While local codes need to be considered in building a home elevator, the first design aspect in incorporating a home elevator into your house is the design of the actual elevator and how it will operate. The types of home elevators include hydraulic elevators, winding drum elevators, machine traction drive elevators, and pneumatic, or vacuum, elevators. All of these home elevators are used for moving a car a certain distance in a four story house or small commercial building. A hydraulic elevator is moved by a hydraulic piston device, while both winding drum home elevators and machine traction drive home elevators involve a hoist mechanism. Pneumatic home elevators, on the other hand, operate like a vacuum, with a driving machine consisting of turbines removing air from the top of the elevator car. As all of these elevator types can be installed in your home, all home elevators, except for pneumatic elevators, also require a machine room, which needs to be installed and planned into your house, as well.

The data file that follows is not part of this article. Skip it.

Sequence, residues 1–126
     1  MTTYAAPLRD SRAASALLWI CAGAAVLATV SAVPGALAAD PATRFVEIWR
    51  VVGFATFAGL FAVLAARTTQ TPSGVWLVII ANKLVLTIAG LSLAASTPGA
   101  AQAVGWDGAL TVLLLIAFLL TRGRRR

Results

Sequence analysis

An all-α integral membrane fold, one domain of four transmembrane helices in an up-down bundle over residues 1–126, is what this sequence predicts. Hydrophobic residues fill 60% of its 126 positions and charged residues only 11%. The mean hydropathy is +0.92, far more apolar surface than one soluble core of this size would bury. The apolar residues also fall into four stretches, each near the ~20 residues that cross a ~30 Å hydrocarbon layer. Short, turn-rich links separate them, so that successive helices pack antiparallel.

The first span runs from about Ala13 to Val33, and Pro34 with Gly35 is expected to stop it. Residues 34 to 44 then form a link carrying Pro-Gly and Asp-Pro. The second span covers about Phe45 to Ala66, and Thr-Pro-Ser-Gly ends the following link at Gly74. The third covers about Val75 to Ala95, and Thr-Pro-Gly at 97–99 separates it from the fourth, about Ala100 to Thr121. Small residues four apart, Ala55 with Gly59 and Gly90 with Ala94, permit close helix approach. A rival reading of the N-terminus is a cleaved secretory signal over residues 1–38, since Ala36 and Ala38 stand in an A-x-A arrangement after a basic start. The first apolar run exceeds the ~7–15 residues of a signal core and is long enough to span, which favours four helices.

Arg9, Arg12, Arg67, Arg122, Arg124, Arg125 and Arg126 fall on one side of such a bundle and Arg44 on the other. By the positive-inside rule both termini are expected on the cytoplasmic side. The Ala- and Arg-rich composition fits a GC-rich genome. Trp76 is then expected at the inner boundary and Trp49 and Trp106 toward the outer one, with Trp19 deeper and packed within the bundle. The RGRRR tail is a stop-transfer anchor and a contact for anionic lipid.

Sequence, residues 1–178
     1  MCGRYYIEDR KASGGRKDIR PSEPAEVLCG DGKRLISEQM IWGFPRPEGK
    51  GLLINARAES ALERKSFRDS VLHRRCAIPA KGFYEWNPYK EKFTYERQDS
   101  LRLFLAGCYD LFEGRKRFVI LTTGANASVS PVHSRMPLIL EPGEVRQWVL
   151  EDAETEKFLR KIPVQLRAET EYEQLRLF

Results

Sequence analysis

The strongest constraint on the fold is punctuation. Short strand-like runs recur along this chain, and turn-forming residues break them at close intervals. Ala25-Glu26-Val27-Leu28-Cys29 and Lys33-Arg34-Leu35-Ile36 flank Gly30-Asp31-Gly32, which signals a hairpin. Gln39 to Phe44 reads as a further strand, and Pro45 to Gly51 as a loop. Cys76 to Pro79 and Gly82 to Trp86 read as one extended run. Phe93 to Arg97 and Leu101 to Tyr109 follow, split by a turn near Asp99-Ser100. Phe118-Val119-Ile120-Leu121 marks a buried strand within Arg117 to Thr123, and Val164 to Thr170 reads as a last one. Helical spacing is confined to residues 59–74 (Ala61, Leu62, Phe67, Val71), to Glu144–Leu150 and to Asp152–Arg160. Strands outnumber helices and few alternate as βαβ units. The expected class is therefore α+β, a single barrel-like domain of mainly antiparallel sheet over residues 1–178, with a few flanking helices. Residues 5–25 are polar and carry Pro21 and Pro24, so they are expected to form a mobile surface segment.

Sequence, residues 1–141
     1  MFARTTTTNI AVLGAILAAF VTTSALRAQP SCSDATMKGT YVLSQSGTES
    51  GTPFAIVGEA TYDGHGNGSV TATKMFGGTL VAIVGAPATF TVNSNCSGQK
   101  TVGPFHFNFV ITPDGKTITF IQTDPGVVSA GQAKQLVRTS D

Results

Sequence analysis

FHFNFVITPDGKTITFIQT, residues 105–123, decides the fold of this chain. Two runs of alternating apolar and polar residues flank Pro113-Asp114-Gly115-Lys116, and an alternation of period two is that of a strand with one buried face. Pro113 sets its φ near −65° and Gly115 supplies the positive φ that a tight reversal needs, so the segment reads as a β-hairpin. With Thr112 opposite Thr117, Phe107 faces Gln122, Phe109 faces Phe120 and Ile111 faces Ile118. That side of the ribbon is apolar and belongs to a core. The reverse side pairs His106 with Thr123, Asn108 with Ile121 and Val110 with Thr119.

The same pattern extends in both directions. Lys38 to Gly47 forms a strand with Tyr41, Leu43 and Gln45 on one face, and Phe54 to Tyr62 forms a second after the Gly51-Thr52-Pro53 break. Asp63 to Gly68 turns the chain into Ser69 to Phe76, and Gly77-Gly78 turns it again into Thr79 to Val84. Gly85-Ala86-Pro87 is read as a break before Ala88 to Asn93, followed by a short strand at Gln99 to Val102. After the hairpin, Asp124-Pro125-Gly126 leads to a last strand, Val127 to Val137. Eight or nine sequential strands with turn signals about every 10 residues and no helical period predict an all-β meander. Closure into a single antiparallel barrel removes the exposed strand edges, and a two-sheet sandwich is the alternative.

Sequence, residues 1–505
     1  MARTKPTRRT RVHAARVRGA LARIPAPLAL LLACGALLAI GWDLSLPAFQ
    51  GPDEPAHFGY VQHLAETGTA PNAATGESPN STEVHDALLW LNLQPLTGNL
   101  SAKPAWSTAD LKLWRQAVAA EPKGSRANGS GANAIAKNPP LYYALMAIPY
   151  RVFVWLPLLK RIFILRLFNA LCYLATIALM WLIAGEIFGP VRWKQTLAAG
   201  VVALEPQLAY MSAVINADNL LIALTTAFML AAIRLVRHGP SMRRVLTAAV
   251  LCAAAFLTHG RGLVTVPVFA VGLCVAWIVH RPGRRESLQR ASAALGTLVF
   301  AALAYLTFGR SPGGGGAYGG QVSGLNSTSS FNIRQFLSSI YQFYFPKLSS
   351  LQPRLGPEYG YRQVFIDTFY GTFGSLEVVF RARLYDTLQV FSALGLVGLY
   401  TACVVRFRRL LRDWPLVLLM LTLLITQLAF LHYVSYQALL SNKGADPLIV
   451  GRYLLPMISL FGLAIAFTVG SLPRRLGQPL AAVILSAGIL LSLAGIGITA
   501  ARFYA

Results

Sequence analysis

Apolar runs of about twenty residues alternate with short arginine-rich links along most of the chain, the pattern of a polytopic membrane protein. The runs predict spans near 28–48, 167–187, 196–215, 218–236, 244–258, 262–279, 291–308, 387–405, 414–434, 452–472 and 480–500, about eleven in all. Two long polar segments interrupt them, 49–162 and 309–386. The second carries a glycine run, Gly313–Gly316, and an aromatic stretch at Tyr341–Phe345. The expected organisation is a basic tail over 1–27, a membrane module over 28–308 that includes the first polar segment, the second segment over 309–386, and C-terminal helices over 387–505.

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Once the type of elevator has been decided, the next step is the architectural process in designing a home elevator. Elevator cabs for home elevators can be a round or box shape, with the cab coming in glass, metal, or wood combinations. In addition to the structure of the outside of the elevator cab, home elevators can have inside elevator panels, as well as a telephone cabinet, handrails, and lighting. All of these necessary aspects for an elevator can be made out of a variety of materials, including metal and wood. For your home elevator, some material options include oak, walnut, and mahogany woods and, for metals, bronze, stainless steel, brass, and copper. In addition, these materials can be incorporated into the design of a home elevator as flat panels, or they can be sculpted and designed by woodwork or metalwork to create an ornately-designed home elevator.